The Student News Site of University of Arizona

The Daily Wildcat

82° Tucson, AZ

The Daily Wildcat

The Daily Wildcat


Campus Health hosts SexTalk Week

With Valentine’s Day less than a week away, Campus Health Service is educating UA students about sexual health by bringing back SexTalk Week.

Since the 1970s, under the name National Condom Week, SexTalk Week has been held annually by Campus Health with a list of events presented on campus to promote sexual responsibility. This year’s events began Monday and will continue until Friday.

“We hope students will gain information and knowledge about safer sex, risk reduction, birth control options, condoms and the importance of getting tested and getting consent from their partner,” said Carrie Hardesty, health educator for the service. “Our goals of the week are to promote sexual responsibility and healthy relationships, reduce negative outcomes of sexual behavior and increase sexual health knowledge among the UA community.”

Some of the events held so far include Sex at the Rec, where more than 300 students visited a Campus Health booth at the Student Recreation Center to get a free sex grab bag. Campus Health also hosted a free discussion by a panel of wellness experts about sexual health for women in the Student Union Memorial Center on Tuesday, as well as provided information on Lesbian Gay Bisexual Transgender Questioning Allied support groups. SexTalk Week will continue today with a Sexual Health Resource Fair on the UA Mall from 10 a.m. to 1:30 p.m., where students can stop by and learn about sex topics including sexual health, relationships, birth control, pregnancy, adoption, sexual assault, abstinence and STDs from a variety of campus groups, students and community groups.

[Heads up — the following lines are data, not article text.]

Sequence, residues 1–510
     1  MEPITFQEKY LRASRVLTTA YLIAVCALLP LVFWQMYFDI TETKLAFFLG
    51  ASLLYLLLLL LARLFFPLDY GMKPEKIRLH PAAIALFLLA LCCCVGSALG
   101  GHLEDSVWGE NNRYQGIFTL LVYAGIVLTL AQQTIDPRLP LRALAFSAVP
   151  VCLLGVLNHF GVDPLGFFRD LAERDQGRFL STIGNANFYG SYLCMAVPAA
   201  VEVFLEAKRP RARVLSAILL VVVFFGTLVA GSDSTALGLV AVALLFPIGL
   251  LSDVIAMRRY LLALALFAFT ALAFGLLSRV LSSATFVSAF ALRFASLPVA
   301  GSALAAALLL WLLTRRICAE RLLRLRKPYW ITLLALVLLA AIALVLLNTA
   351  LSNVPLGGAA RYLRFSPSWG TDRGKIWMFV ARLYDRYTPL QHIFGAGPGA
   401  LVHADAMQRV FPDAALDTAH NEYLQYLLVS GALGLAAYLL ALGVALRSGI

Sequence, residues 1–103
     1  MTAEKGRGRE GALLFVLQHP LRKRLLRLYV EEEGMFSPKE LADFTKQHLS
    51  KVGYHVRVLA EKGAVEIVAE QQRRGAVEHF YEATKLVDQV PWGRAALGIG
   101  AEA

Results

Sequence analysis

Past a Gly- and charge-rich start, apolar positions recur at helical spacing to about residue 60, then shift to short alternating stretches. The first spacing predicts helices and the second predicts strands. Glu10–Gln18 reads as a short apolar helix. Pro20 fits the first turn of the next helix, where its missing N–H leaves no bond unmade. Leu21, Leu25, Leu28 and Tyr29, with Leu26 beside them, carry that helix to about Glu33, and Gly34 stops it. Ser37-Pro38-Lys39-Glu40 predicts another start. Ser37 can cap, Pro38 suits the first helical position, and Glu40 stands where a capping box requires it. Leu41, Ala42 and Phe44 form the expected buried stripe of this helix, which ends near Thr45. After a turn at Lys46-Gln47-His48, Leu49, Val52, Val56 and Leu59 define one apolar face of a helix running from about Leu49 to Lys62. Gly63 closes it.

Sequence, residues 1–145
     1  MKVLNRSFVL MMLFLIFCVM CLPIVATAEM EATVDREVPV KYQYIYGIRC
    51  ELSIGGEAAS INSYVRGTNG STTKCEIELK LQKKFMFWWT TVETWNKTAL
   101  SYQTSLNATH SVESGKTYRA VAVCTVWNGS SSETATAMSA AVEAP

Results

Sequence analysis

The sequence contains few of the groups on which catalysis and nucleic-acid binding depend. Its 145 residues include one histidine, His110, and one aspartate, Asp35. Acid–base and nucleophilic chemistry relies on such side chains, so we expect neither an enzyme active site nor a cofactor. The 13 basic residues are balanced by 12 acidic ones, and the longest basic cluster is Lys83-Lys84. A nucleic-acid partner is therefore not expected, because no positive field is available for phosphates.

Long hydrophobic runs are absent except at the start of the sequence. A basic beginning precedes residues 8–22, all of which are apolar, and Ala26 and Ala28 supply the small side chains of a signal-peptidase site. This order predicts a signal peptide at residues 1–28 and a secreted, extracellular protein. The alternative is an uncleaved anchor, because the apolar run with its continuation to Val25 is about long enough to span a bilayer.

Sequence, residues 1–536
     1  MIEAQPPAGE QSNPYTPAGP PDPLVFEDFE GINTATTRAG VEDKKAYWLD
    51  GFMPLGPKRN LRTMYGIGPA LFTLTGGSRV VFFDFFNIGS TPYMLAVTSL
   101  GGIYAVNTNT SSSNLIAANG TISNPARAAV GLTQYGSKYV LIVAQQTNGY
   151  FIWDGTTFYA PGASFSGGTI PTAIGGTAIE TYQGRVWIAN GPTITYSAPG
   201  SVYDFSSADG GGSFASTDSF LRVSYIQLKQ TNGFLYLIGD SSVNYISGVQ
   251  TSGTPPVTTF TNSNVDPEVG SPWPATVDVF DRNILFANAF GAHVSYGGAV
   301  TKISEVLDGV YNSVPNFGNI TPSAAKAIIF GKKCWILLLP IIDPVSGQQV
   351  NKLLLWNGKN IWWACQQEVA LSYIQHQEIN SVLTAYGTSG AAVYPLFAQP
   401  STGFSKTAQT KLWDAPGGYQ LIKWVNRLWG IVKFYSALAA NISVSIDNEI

“We encourage students to check out the free info, get involved, meet the community experts and get their questions answered at these free events,” Hardesty said.

Campus Health will also host a free sex education workshop today at 5 p.m. in the Rincon Room of the student union, Advanced Queer Sex Ed, supported by the Office of Lesbian, Gay, Bisexual, Transgender, and Questioning Student Affairs.

“I think the UA should provide sex education to students,” said chemistry junior Kalli Butters. “Most people come right from high school and feel uncomfortable talking about sex and then suddenly get thrown into the college scene. There needs to be something there to tell students it’s OK to talk about sex.”

In the 2011 Health and Wellness Survey conducted by Campus Health, 79 percent of UA students are reported to have had one or no sexual partners in the last year, and when a person is sexually active, 77 percent of students used a condom.

“Not everyone is having sex, but for those who choose to be sexually active, it is critical to know how to reduce your risks,” said Lee Ann Hamilton, assistant director of Health Promotion and Preventative Services. “We want to educate students on how to make sex safer.”

Hardesty said these types of numbers provide more insight into the kind of sexual health and responsibilities practiced on campus and what Campus Health can do to be a resource for safe sexual practices.

“UA students, sexually active or not, need to have and should have accurate and comprehensive sex education information,” Hardesty said. “They can use this knowledge to protect themselves and their partners if and when they do decide to participate in any kind of sexual activity.”

In addition to SexTalk Week, Campus Health provides yearlong services pertaining to sexual health and responsibility. This includes Health Promotion and Preventive Services, which offers sexual awareness programs year-round, and the Oasis Program, which provides counseling services to people who have been sexually assaulted and violence-prevention programs.

“We are here as a resource for students,” Hamilton said. “People can always call the friendly health educator at Campus Health.”

More to Discover
Activate Search